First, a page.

0-In products find clock domain crossing and shared resource bugs
SAN JOSE, Calif. -December 17, 2003 - Today 0-In Design Automation, the Assertion-Based Verification Company, announced that its products were used to help successfully verify two complex chipsets at the Dresden Design Center of AMD (NYSE: AMD). These design projects used all the tools in 0-In's Assertion-Based Verification (ABV) Suite to enable faster and more thorough functional verification.
"The chips we develop are highly complex, containing control and data structures with many corner-case behaviors that occur only in very specific circumstances," said Frank Dresig, manager of the Design/Verification Department at the Dresden Design Center of AMD Saxony. "We selected the 0-In tools to improve our overall development process by adding assertions and formal verification. We were pleased with the results: we increased our tape-out confidence and helped improve our time-to-market, which translated directly to project cost savings."
The first project using the 0-In ABV Suite was an I/O hub, part of a chipset for the AMD Athlon™ 64 and AMD Opteron™ processors. Currently marketed by AMD as the AMD-8111™ HyperTransport™ technology I/O Hub, the chip connects to the host via the high-speed HyperTransport technology bus and provides connectivity to a wide range of other interfaces, including PCI, USB, LPC, IDE and 10/100 Ethernet. The second project was a network controller that bridges from a PCI interface to wireless Ethernet using the IEEE 802.11b standard. This chip is currently available from AMD as Am1771™, part of the AMD Alchemy™ Am1772™ Wireless LAN Chipset.
0-In Checklist Verifies Clock Domain Crossings
One of the biggest challenges for complex chip designs is verifying that signals crossing between different clock domains are properly synchronized. 0-In Checklist includes sophisticated analysis for clock domain crossing (CDC) as part of its automatic checks for common types of design errors. Because of its many standard interfaces, each of which runs on an independent clock, the AMD team chose the AMD-8111 chipset as the focus for CDC verification. "0-In Checklist was very easy to integrate into our overall verification methodology," said Mr. Dresig. "One interesting 0-In detection was a case of re-convergence, in which two independently synchronized signals were combined into the same logic. We were able to track down the problem easily, fix the synchronization, and re-run CDC analysis to verify that the error was fixed correctly."
Checkers in Simulation Improve Verification Efficiency
In the 0-In methodology, assertions are specified within the RTL design files using elements from the CheckerWare library. "We added about 50 checkers in the AMD-8111 chipset component design and about 200 checkers in the AMD Alchemy Am1772 wireless LAN chipset project," reported Mr. Dresig. "It was easy to understand the CheckerWare library and easy to choose appropriate checkers to capture our ideas for assertions." 0-In also provides CheckerWare monitors for many standard interfaces; the AMD-8111 project used the HyperTransport technology, PCI and LPC monitors to help verify conformance to these protocols. The AMD team used 0-In Check to convert the CheckerWare assertions and monitors into simulation checkers that ran in all their block-level and chip-level simulations. This enabled the engineers to increase the observability of their designs, determine structural coverage metrics and detect bugs at the source.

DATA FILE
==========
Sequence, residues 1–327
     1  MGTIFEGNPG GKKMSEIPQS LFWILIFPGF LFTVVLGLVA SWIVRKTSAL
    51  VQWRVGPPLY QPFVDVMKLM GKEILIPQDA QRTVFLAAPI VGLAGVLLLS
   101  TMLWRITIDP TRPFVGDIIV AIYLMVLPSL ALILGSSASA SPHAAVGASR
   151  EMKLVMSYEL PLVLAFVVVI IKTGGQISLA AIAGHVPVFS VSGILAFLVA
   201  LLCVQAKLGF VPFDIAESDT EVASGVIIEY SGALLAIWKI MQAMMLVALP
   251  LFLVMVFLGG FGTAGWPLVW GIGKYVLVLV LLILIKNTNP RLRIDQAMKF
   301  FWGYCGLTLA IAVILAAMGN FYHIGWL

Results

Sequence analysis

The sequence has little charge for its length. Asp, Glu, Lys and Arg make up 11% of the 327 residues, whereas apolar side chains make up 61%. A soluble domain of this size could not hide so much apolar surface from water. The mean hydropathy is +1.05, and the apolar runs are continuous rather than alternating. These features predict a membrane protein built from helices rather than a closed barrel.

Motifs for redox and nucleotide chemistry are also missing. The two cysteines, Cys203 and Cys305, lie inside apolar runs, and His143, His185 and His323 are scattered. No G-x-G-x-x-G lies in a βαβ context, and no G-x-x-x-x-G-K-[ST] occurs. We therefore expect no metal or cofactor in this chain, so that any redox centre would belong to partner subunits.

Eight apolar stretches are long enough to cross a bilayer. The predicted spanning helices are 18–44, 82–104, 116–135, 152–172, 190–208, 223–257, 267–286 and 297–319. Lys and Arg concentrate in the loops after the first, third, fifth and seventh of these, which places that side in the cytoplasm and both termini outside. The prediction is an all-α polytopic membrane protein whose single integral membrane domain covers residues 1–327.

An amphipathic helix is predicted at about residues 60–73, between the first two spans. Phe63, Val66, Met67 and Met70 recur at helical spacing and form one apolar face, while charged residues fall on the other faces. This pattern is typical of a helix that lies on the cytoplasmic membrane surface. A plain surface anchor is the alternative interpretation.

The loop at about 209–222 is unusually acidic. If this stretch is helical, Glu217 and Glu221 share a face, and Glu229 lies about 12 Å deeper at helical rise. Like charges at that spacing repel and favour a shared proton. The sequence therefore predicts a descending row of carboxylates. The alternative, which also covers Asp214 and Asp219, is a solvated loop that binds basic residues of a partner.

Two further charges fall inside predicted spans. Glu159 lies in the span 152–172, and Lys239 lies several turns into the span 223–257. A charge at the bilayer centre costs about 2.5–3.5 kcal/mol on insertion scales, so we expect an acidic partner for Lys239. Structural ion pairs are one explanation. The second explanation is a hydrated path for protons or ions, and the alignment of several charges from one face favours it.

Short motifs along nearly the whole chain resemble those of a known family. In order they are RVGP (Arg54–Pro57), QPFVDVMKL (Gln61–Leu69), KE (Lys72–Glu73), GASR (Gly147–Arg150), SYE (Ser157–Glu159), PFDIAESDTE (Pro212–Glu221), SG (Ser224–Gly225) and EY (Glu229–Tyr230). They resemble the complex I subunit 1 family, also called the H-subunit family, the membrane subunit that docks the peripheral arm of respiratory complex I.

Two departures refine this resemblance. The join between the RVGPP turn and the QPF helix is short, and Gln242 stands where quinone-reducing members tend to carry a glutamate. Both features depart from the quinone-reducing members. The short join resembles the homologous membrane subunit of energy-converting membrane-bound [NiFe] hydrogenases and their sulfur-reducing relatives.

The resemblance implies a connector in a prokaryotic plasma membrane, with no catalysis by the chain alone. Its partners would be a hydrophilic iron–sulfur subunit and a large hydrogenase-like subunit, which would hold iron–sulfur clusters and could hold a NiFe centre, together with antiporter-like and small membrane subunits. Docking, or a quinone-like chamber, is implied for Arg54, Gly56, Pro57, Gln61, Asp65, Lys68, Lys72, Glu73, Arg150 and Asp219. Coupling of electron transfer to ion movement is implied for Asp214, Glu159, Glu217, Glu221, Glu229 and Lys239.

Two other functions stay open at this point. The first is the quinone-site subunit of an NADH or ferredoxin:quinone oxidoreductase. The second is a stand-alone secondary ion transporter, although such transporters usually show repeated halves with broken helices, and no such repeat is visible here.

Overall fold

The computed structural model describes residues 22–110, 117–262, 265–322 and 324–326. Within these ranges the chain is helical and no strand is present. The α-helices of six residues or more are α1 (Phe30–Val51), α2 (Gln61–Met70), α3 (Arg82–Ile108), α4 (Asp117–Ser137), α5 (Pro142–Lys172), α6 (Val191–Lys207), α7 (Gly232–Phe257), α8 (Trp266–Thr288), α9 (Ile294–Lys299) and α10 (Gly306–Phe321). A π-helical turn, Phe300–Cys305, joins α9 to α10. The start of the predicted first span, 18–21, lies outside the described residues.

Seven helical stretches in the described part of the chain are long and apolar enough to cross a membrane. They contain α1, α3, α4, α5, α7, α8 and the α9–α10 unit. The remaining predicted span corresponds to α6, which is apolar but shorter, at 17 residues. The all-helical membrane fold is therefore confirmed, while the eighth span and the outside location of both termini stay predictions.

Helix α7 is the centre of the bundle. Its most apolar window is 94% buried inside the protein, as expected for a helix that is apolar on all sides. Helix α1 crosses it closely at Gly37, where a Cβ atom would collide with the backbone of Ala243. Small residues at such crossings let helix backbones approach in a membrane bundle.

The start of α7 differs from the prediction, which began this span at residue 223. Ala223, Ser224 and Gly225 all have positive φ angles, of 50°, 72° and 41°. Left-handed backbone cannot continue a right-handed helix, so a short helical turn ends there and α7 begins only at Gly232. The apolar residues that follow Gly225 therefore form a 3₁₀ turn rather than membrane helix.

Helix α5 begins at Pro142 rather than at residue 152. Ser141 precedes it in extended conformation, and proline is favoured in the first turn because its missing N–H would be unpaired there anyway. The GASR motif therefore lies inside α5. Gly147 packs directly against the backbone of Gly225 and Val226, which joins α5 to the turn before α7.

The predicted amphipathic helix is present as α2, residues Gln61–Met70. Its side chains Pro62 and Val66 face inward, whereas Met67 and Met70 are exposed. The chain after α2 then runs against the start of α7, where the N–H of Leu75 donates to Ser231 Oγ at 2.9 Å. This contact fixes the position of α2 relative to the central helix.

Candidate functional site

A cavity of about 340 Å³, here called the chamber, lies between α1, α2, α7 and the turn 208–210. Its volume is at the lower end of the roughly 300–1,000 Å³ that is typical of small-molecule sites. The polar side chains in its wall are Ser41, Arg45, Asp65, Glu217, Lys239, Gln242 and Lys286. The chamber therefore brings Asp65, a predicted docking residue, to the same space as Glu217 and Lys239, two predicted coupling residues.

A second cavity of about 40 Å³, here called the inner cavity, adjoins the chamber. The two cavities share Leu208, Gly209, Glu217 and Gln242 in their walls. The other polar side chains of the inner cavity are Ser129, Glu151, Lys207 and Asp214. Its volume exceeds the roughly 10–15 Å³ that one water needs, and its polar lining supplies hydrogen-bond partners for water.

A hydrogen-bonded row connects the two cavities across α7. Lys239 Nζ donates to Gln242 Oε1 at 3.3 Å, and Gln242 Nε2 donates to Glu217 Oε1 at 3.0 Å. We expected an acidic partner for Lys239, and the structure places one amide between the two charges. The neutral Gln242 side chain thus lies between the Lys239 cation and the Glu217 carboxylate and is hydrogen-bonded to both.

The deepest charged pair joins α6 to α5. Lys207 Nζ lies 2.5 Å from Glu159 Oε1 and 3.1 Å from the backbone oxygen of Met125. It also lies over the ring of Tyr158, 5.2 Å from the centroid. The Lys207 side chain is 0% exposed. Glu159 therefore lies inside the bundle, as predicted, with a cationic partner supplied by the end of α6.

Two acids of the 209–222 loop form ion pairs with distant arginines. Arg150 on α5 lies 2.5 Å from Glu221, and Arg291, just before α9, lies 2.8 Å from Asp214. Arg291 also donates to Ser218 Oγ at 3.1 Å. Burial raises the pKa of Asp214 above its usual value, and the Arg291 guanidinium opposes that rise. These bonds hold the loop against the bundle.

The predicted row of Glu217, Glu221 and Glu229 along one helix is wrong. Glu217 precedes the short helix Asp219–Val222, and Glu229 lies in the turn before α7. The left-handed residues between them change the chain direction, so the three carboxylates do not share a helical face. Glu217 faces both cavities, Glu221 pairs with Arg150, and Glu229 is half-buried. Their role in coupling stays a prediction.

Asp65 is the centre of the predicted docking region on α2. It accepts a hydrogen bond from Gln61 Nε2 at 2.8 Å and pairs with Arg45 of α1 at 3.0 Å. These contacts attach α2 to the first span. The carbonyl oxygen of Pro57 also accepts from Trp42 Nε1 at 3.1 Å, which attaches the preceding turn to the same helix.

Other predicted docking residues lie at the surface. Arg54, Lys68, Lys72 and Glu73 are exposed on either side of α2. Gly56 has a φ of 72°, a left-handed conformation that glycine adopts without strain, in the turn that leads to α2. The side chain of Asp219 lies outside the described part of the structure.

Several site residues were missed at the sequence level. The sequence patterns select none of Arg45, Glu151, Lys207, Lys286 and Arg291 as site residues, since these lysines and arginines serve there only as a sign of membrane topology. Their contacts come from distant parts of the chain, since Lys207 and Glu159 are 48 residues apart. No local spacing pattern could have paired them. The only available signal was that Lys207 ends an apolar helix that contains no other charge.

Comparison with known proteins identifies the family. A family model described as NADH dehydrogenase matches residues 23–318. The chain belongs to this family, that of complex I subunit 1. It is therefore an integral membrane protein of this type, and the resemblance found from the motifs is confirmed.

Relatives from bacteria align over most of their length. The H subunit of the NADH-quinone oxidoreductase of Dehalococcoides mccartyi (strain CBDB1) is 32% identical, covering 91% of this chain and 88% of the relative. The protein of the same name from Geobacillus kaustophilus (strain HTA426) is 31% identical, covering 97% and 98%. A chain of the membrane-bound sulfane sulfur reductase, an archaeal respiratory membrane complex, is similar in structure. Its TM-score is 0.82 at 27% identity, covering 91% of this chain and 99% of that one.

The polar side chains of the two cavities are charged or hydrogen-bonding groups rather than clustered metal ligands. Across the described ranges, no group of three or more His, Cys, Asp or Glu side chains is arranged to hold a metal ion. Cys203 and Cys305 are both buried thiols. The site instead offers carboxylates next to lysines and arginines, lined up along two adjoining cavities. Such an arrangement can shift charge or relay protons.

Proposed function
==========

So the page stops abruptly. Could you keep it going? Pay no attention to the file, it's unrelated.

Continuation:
0-In Formal Verification Tools Find Corner-Case Bug
The 0-In Confirm static formal verification tool and the 0-In Search dynamic formal verification tool can find corner-case bugs missed in simulation and increase tape-out confidence when no more bugs are found. "We targeted the MAC block in the Am1772 project for formal verification since we knew that it would be hard to verify adequately with simulation alone," said Mr. Dresig. "When we ran 0-In Search on this block, it detected a tough-to-find corner-case bug in which access to a set of shared resources was not granted in the right order. We consider 0-In Search a valuable component of our overall verification strategy." After this bug was fixed, the team ran both 0-In Search and the deeper formal analysis of 0-In Confirm to verify that the fix was correct and that there were no additional bugs in the design.
Case Study Available in Chip Design Magazine
Complete details of these two projects are available in an article entitled "Assertions Enter the Verification Arena" written by the AMD Dresden design team for the December issue of Chip Design magazine. The article is also available on the magazine's web site at http://www.chipdesignmag.com and on 0-In's web site at http://www.0-in.com/news.html.
0-In Design Automation, Inc. (pronounced "zero-in") develops and supports functional verification products that help verify multi-million gate application-specific integrated circuit (ASIC) and system-on-chip (SoC) designs. The company delivers a comprehensive assertion-based verification (ABV) solution built on industry standards that provides value throughout the design and verification cycle - from the block level to the chip and system levels. Twelve of the 15 largest electronics companies have adopted 0-In tools and methodologies in their integrated circuit (IC) design verification flows. 0-In was founded in 1996 and is based in San Jose, Calif. For more information, see http://www.0-in.com.
AMD, the AMD Arrow logo, AMD Athlon, AMD Opteron, Alchemy, and combinations thereof, Am1770, Am1771, Am1772, and AMD-8111 are trademarks of Advanced Micro Devices, Inc. HyperTransport is a licensed trademark of the HyperTransport Technology Consortium.
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